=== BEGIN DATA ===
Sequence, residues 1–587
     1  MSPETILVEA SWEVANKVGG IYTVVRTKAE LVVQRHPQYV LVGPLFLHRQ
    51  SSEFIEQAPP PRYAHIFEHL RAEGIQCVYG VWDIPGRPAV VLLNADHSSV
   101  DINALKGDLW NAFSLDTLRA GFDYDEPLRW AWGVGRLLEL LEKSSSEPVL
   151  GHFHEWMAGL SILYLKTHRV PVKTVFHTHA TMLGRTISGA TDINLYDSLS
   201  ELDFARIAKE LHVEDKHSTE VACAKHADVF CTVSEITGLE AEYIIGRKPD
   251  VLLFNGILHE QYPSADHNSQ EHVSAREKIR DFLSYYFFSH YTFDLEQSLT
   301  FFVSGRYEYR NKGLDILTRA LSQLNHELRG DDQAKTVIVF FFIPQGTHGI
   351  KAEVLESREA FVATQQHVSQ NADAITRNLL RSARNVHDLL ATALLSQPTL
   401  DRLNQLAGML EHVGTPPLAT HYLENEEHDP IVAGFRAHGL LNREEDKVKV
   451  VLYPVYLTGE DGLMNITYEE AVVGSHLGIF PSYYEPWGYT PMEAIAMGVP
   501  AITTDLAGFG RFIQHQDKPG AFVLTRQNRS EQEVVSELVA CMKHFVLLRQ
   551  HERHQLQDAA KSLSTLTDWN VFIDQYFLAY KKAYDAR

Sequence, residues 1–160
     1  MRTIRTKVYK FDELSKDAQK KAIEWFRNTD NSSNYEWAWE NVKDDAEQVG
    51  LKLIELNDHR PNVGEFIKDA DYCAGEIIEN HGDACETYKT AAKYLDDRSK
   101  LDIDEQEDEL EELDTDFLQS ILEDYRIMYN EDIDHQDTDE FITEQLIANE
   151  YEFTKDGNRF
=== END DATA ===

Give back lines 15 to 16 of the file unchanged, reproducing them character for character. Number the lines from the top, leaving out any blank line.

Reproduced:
     1  MRTIRTKVYK FDELSKDAQK KAIEWFRNTD NSSNYEWAWE NVKDDAEQVG
    51  LKLIELNDHR PNVGEFIKDA DYCAGEIIEN HGDACETYKT AAKYLDDRSK